Two women check their cellphones as they hawk their wares on a bridge over the Artibonite River, whose waters are believed to be the source of Haiti's 2010 cholera outbreak. Nicholas Kamm/AFP/Getty Images hide caption

toggle caption Nicholas Kamm/AFP/Getty Images

Cellphones Could Help Doctors Stay Ahead Of An Epidemic

  • Download
  • <iframe src="https://www.npr.org/player/embed/140065855/140079567" width="100%" height="290" frameborder="0" scrolling="no" title="NPR embedded audio player">
  • Transcript

A Remnant From Algae In Malaria Parasite May Prove Its Weakness

  • Download
  • <iframe src="https://www.npr.org/player/embed/140069350/140079497" width="100%" height="290" frameborder="0" scrolling="no" title="NPR embedded audio player">
  • Transcript

Desperation Grips Children In Horn Of Africa

  • Download
  • <iframe src="https://www.npr.org/player/embed/139969318/139969309" width="100%" height="290" frameborder="0" scrolling="no" title="NPR embedded audio player">
  • Transcript

Researchers hope to keep the mosquito that transmits dengue, Aedes aegypti, from infecting humans using the Wolbachia bacterium. James Gathany/CDC Public Health Image Library hide caption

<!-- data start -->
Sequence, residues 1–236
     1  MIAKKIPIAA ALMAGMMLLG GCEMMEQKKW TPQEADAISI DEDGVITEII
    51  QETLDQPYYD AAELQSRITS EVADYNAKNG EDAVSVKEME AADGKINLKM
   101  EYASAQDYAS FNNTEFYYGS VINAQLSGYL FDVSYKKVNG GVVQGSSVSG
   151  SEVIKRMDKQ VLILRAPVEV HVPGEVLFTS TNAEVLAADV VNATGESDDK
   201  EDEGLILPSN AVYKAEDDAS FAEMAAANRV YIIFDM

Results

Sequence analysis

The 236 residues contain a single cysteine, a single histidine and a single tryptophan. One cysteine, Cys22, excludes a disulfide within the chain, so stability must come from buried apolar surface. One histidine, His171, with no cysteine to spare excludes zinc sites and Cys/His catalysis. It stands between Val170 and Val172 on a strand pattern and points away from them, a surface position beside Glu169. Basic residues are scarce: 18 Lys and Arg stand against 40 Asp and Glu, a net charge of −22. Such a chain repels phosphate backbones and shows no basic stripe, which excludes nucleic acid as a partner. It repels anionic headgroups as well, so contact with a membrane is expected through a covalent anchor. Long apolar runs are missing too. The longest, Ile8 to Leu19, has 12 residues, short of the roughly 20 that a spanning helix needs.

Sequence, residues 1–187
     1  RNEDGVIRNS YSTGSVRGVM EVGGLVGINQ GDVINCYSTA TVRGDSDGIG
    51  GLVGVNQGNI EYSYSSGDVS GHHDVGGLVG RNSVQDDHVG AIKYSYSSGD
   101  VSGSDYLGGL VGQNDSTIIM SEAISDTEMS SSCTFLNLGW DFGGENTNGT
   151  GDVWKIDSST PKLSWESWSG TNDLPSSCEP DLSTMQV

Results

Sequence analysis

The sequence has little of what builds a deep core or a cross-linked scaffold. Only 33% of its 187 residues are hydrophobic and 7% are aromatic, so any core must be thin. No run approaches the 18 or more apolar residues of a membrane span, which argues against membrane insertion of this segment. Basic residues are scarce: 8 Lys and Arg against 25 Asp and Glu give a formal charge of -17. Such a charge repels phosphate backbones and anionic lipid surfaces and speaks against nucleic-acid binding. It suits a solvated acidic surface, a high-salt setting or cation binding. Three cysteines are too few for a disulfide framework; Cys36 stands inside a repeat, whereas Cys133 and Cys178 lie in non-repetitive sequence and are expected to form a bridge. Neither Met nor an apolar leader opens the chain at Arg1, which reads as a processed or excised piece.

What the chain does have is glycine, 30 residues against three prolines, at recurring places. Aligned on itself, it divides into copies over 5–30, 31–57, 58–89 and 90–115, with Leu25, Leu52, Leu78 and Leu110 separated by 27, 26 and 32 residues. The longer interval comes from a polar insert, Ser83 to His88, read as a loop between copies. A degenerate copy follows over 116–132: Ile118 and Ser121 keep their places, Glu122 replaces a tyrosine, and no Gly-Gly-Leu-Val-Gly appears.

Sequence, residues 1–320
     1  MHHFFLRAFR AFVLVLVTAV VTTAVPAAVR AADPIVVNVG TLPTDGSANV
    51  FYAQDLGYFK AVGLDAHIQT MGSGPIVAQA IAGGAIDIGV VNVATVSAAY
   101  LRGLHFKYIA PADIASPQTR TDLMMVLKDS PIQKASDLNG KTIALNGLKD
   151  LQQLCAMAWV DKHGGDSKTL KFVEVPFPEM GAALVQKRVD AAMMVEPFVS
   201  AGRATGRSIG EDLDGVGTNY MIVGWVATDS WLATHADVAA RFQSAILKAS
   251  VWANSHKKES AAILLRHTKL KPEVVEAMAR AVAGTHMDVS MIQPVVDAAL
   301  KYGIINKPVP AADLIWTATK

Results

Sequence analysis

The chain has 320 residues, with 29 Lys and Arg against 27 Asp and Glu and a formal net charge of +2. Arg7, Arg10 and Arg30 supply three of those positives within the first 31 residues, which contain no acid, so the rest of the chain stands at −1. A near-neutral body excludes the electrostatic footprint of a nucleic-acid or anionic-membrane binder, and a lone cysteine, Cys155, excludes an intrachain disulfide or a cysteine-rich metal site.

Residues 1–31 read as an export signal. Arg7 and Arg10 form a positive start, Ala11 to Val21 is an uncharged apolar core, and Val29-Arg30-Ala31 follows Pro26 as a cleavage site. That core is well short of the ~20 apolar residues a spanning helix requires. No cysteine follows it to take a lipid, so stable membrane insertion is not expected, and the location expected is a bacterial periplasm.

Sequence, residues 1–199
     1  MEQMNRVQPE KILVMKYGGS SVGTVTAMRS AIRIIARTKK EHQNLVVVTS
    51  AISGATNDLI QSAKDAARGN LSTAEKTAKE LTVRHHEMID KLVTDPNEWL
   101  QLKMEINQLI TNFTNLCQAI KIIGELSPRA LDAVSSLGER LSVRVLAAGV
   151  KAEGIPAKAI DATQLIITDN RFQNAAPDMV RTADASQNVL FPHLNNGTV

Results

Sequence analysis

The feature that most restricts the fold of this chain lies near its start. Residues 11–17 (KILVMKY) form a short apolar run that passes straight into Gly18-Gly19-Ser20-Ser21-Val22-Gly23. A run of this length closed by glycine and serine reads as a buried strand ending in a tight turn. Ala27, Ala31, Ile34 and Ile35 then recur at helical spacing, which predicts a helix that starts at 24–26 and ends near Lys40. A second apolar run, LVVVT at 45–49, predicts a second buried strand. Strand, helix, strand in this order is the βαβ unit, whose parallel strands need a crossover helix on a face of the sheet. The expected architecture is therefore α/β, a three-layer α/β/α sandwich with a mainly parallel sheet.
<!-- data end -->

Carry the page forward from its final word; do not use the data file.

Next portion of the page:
toggle caption James Gathany/CDC Public Health Image Library

Better You Than Me: Scientists Sicken Mosquitoes To Stop Dengue

  • Download
  • <iframe src="https://www.npr.org/player/embed/139925486/139934234" width="100%" height="290" frameborder="0" scrolling="no" title="NPR embedded audio player">
  • Transcript

Pakistani NGO workers protest at a rally on World AIDS Day in Peshawar in 2006. Tariq Mahmood/AFP/Getty Images hide caption

toggle caption Tariq Mahmood/AFP/Getty Images

Women hold mosquito nets after receiving them at a distribution point in Sesheke, Zambia. Researchers say malaria may have rebounded in some parts of Zambia and Senegal because of resistance to the insecticide-treated nets. ASSOCIATED PRESS hide caption

toggle caption ASSOCIATED PRESS

A vendor sells betel leaf wrapped in silver foil in Lucknow, India. AJAY KUMAR SINGH/ASSOCIATED PRESS hide caption

toggle caption AJAY KUMAR SINGH/ASSOCIATED PRESS

Listen to Corey Flintoff's Story

  • Download
  • <iframe src="https://www.npr.org/player/embed/139534768/139666542" width="100%" height="290" frameborder="0" scrolling="no" title="NPR embedded audio player">

Feeding A Hotter, More Crowded Planet

  • Download
  • <iframe src="https://www.npr.org/player/embed/139579616/139579605" width="100%" height="290" frameborder="0" scrolling="no" title="NPR embedded audio player">
  • Transcript

Although various types of contraceptive methods are available in Nigeria, about 20 percent of women say they're not able to access them. Sometimes their husbands stand in the way. GEORGE OSODI/ASSOCIATED PRESS hide caption

toggle caption GEORGE OSODI/ASSOCIATED PRESS